Schumpeter is careful to distinguish entrepreneurialism from politics as it is conventionally understood: the entrepreneur’s power “does not readily expand…into the leadership of nations”; “he wants to be left alone and to leave politics alone.” Even so, the entrepreneur is best understood as neither an escape from nor an evasion of politics but as its sublimation, the relocation of politics in the economic sphere. 

Rejecting the static models of other economists—equilibrium is death, he says—Schumpeter depicts the economy as a dramatic confrontation between rising and falling empires (firms). Like Machiavelli in The Prince, whose vision Nietzsche described as “perfection in politics,” Schumpeter identifies two types of agents struggling for position and permanence amid great flux: one is dynastic and lawful, the other upstart and intelligent. Both are engaged in a death dance, with the former in the potentially weaker position unless it can innovate and break with routine. 

Schumpeter often resorts to political and military metaphors to describe this dance. Production is “a history of revolutions.” Competitors “command” and wield ”pieces of armor.” Competition “strikes” at the “foundations” and “very lives” of firms; entrepreneurs in equilibrium “find themselves in much the same situations as generals would in a society perfectly sure of permanent peace.” In the same way that Schmitt imagines peace as the end of politics, Schumpeter sees equilibrium as the end of economics.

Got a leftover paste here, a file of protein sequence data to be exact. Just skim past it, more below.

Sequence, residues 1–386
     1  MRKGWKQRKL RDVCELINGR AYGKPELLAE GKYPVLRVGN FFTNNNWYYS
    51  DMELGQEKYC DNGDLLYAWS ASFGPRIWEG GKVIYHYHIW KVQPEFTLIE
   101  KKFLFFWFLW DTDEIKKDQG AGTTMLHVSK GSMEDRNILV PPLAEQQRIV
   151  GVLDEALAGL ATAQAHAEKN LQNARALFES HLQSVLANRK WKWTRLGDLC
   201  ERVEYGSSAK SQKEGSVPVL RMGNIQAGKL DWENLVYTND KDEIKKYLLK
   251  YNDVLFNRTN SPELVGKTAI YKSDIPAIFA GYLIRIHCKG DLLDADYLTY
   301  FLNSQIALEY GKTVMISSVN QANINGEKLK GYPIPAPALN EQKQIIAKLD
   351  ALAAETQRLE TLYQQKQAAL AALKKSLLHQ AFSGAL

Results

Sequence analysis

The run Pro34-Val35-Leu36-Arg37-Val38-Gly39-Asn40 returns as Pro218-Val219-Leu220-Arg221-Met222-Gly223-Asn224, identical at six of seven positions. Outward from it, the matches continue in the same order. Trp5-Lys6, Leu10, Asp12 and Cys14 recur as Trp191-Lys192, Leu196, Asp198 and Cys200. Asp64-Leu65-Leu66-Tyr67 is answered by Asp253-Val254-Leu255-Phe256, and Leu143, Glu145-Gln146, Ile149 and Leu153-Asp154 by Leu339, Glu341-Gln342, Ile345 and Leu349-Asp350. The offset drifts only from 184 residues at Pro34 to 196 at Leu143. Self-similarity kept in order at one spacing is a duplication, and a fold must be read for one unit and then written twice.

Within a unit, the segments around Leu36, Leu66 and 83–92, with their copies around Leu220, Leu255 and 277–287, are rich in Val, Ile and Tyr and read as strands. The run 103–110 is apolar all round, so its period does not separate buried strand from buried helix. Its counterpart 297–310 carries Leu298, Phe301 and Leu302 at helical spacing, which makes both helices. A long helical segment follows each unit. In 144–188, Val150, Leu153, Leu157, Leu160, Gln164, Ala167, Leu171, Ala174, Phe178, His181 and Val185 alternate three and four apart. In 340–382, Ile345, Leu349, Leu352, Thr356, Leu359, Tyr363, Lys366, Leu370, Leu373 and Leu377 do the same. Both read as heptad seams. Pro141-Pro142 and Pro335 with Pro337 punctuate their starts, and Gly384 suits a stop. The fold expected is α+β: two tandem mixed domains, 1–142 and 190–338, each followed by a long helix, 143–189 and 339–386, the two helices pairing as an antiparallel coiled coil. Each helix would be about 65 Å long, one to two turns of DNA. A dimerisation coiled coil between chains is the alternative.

Against this backdrop of dramatic, even lethal, contest, the entrepreneur emerges as a legislator of values and new ways of being. The entrepreneur demonstrates a penchant for breaking with “the routine tasks which everybody understands.” He overcomes the multiple resistances of his world—“from simple refusal either to finance or to buy a new thing, to physical attack on the man who tries to produce it.” 

To act with confidence beyond the range of familiar beacons and to overcome that resistance requires aptitudes that are present in only a small fraction of the population and that define the entrepreneurial type.

The entrepreneur, in other words, is a founder. As Schumpeter describes him in The Theory of Economic Development:

There is the dream and the will to found a private kingdom, usually, though not necessarily, also a dynasty. The modern world really does not know any such positions, but what may be attained by industrial and commercial success is still the nearest approach to medieval lordship possible to modern man. 

That may be why his inner life is so reminiscent of the Machiavellian prince, that other virtuoso of novelty. All of his energy and will, the entirety of his force and being, is focused outward, on the enterprise of creating a new order.

And yet even as he sketched the broad outline of this legislator of value, Schumpeter sensed that his days were numbered. Innovation was increasingly the work of departments, committees and specialists. The modern corporation “socializes the bourgeois mind.” In the same way that modern regiments had destroyed the “very personal affair” of medieval battle, so did the corporation eliminate the need for “individual leadership acting by virtue of personal force and personal responsibility for success.” The “romance of earlier commercial adventure” was “rapidly wearing away.” With the entrepreneurial function in terminal decline, Schumpeter’s experiment in economics as great politics seemed to be approaching an end.